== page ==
Protect Your DNA with 2FA!

Last updated on January 15th, 2024 at 04:15 am

An icon of a person using 2FA on a background with a silver double helix indicating DNA.
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If you use one of three popular genetics and genealogy services, you’ll soon have to set up two-factor authentication (2FA) on your account. With 2FA enabled, you’ll need to enter a code sent via text, email or generated by an app on your phone to complete the login process.

Hackers target 23andMe

23andMe, Ancestry, and MyHeritage are all making the move to mandatory 2FA for users of their DNA services after data stolen from 23andMe was posted online. The data appears to have been obtained via a credential stuffing attack, which occurs when hackers use passwords leaked in other breaches to break into user accounts.

Credential stuffing attacks like the one that targeted 23andMe are one reason security professionals have been warning people not to reuse their passwords for years. But according to a Google poll from 2019, 65% of US adults still reuse at least some of their passwords.

An icon of a password with a key above it next to a string bag with a recycling symbol embroidered on it.
Image made in Canva.

This makes mandating 2FA a smart move by the genetics and genealogy services. With 2FA enabled, credential stuffing attacks will fail as hackers need more than just a username and password to access an account.

However, not all forms of 2FA are equally secure. So, let’s look at what 23andMe, Ancestry, and MyHeritage offer and see how they stack up.

2FA options

23andMe gives users the choice of receiving 2FA codes via email or using an authenticator app to generate them. Ancestry allows users to receive 2FA codes via email or SMS. Finally, MyHeritage supports 2FA using an authenticator app.

Unfortunately, this means none of the companies support the most secure form of 2FA, which is a security key. However, authenticator apps, offered by 23andMe and MyHeritage, are a solid option from a security perspective. There can be a bit of a learning curve if you have not used them before, but they are straightforward once you get the hang of them. You can check out my guide to authenticator apps if you want to learn more.

A stylized image of a laptop displaying a login screen and a person holding their phone, showing their authenticator codes.
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Having codes sent via SMS or email are less secure methods of 2FA compared to using an authenticator app or security key. Email based 2FA is a risk if the site you use it on also allows your password to be reset via email. If a hacker breaks into your email account, they can then reset your password to the site in question and access the 2FA codes they need to log in.

SMS based 2FA is also not secure because it is vulnerable to SIM swap attacks. In a SIM-swap, hackers convince customer service agents at your cell phone carrier to transfer your phone number to a device they control. That means the hackers will receive any 2FA codes sent to you via text. And, as many services allow you to do a password reset via SMS as well, hackers can take over those accounts just by SIM-swapping your number.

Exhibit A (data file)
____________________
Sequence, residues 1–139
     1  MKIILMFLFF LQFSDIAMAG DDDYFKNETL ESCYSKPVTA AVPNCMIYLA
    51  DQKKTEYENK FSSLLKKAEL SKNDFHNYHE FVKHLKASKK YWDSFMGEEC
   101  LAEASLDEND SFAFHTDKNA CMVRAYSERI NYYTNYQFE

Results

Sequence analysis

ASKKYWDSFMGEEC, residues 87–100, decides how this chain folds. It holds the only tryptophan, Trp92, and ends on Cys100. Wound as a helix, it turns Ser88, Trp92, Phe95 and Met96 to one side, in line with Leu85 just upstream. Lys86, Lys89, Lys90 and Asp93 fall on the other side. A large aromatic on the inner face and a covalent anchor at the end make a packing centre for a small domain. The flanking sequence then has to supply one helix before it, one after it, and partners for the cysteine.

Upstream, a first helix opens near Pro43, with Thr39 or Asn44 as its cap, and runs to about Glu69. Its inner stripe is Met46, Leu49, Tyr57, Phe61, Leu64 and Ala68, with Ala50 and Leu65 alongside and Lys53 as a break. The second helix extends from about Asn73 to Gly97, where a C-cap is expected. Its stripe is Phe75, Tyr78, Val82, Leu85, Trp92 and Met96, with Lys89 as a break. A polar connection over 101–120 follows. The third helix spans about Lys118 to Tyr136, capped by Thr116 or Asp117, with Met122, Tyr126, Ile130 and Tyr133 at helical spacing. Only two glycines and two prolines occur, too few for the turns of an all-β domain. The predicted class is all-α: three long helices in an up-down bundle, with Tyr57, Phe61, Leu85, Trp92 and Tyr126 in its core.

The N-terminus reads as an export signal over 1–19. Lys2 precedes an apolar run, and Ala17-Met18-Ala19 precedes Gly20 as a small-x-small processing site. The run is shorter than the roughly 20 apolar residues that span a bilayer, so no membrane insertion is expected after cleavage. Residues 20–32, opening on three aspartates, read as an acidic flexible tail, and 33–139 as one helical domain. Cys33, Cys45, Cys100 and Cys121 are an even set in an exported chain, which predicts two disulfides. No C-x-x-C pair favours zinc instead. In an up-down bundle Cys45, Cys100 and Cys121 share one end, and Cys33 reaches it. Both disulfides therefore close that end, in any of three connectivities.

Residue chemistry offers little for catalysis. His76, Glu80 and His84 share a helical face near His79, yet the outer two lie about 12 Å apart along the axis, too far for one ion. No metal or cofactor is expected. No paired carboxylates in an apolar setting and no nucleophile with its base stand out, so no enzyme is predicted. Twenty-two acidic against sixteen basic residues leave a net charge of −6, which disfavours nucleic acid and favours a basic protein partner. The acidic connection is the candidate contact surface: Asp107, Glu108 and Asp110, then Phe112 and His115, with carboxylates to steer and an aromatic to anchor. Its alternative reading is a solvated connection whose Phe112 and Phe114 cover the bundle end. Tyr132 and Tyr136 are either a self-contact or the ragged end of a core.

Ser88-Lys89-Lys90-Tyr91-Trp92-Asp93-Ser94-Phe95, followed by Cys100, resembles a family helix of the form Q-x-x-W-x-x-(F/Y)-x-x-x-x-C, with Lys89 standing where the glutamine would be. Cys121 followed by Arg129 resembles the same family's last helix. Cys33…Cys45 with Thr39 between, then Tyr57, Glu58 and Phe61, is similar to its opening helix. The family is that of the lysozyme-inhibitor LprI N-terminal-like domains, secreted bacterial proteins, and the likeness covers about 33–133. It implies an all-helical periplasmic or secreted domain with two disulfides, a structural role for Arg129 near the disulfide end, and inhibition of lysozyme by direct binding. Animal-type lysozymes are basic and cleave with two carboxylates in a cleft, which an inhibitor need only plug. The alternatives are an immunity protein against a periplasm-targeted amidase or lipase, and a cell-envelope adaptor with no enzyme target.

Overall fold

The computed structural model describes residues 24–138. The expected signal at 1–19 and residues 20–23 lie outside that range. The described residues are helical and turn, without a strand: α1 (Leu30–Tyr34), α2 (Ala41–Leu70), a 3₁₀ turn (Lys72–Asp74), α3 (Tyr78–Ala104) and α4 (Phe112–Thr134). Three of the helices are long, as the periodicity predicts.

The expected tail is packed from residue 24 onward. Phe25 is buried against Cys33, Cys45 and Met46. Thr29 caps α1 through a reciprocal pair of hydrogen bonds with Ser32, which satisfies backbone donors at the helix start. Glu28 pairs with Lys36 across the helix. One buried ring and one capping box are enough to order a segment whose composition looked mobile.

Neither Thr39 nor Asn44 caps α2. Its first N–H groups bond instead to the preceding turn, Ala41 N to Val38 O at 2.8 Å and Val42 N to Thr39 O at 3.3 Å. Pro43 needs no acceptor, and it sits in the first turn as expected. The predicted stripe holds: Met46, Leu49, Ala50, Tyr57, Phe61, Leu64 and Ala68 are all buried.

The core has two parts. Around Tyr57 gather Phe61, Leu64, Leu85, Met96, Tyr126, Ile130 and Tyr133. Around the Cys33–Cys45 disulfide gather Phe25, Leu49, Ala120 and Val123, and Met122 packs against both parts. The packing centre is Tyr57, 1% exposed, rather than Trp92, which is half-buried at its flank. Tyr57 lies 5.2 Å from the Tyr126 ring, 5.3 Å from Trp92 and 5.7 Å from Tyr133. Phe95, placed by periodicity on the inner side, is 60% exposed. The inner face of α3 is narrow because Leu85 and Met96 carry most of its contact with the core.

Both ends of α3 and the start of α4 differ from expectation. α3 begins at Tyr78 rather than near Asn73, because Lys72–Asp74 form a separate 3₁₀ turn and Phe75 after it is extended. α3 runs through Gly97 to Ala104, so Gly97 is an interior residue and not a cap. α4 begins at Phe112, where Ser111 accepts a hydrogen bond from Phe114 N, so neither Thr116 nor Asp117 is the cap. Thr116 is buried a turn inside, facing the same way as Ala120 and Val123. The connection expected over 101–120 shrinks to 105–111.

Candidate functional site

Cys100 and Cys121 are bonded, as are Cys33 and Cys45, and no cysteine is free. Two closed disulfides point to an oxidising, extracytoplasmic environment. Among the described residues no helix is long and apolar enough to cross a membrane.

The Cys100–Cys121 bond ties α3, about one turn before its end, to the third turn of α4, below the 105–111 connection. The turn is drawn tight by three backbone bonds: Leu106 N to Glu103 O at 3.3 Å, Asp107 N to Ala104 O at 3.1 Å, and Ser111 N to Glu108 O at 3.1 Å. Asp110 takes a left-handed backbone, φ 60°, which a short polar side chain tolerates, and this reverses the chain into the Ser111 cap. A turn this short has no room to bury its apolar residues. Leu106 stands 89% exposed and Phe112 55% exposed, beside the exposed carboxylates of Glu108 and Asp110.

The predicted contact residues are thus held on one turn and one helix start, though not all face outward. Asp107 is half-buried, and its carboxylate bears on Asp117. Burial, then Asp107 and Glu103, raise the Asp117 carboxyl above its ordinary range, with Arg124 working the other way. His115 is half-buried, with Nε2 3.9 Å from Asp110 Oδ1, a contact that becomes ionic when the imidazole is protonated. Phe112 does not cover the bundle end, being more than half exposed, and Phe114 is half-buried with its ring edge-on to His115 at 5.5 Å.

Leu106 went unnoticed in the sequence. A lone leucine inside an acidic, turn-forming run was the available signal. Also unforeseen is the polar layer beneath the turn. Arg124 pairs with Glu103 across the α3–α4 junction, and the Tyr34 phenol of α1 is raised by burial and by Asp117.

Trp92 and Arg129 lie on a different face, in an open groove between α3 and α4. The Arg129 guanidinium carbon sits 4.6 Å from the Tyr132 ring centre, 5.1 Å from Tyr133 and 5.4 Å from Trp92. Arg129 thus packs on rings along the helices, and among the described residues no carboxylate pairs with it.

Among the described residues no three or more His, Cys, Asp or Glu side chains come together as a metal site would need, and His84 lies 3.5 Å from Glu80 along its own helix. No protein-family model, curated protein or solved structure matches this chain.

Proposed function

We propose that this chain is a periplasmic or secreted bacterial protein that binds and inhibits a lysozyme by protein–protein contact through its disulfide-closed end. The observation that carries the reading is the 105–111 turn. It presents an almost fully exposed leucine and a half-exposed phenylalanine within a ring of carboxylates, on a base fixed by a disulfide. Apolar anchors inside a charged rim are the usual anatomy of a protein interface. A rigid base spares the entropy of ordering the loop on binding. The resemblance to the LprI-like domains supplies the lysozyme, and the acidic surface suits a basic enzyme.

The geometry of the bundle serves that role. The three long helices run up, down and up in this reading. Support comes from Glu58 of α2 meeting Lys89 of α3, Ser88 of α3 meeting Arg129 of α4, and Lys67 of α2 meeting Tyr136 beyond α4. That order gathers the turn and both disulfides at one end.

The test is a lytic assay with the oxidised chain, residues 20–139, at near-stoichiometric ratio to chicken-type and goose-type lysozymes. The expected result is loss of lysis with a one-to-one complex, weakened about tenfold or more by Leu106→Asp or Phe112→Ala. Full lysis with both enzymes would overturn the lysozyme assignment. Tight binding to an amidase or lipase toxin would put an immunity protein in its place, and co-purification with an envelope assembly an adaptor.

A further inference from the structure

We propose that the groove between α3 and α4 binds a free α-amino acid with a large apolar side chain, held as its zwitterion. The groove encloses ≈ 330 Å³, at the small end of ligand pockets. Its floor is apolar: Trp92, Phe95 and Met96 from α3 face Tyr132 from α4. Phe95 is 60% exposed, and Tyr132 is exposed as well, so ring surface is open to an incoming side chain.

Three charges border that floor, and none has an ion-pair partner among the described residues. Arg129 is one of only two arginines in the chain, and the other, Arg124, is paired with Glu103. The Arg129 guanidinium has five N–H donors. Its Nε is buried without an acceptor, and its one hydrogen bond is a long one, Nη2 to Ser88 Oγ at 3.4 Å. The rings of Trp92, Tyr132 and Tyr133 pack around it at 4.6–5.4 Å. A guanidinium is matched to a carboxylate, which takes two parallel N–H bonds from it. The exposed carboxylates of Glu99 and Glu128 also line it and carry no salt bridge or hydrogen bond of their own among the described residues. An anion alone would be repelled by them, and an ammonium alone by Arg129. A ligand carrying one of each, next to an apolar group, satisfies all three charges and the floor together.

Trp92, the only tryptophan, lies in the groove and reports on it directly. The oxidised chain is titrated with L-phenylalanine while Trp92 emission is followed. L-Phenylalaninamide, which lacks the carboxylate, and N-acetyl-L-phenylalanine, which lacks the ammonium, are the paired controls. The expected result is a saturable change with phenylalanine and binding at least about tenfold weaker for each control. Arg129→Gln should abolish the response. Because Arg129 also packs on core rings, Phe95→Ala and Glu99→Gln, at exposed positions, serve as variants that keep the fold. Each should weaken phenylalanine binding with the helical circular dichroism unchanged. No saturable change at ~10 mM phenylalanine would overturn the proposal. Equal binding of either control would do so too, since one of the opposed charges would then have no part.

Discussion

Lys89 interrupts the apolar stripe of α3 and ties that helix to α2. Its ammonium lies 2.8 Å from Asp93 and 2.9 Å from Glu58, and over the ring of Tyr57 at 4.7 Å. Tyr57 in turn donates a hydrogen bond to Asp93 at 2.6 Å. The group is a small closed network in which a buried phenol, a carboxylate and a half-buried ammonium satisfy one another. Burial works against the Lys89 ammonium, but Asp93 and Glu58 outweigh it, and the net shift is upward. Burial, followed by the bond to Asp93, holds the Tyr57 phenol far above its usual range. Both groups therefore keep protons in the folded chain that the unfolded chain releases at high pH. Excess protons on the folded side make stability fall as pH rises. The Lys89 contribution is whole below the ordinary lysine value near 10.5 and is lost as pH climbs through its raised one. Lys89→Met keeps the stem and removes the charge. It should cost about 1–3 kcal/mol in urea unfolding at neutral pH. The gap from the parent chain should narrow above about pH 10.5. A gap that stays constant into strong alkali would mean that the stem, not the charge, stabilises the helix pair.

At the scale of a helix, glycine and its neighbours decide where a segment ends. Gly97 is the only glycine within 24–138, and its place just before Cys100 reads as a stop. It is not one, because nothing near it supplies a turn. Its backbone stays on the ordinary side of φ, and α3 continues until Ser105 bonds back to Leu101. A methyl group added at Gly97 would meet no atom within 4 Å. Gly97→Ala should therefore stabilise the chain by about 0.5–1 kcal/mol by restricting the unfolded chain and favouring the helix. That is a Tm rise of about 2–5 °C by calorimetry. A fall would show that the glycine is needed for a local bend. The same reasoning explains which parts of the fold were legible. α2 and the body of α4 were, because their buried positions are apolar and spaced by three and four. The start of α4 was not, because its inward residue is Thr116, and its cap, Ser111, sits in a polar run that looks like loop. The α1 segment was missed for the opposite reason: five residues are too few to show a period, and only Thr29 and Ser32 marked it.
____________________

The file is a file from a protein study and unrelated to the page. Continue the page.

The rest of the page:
So, if you use Ancestry and only have the options of email or SMS based 2FA, what should you choose?

A new email notification vs a new text notification
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If you ensure your email account is locked down with a strong, unique password and a secure form of 2FA, e.g. an authenticator or security key, there’s less need to worry about a hacker compromising your inbox. You can then feel relatively safe enabling email based 2FA.

If you prefer getting your codes via text, there is another option. Ancestry accepts Google Voice numbers for 2FA, so you could use a Google Voice number instead of your regular cell phone number for 2FA purposes. Using a strong password and an authenticator app or security key for your Google account will make it much harder for attackers to steal your Google Voice number compared to your cell number. You can then use SMS based 2FA with less risk. However, there are other reasons to avoid SMS based 2FA.

Users should also remember that no form of 2FA is bulletproof. All the 2FA options offered by 23andMe, Ancestry and MyHeritage are vulnerable to phishing attacks. Plus, malware can steal session cookies that allow hackers to log in to a victim’s account without entering a password or 2FA code.

The takeaway

Mandating 2FA is a smart move by 23andMe, Ancestry and MyHeritage that will prevent future credential stuffing attacks. 23andMe and MyHeritage both support authenticator apps for 2FA, which are a solid option from a security standpoint. Unfortunately, Ancestry only offers SMS or email based 2FA, which are not as secure. However, even these forms of 2FA make life much harder for would-be hackers!

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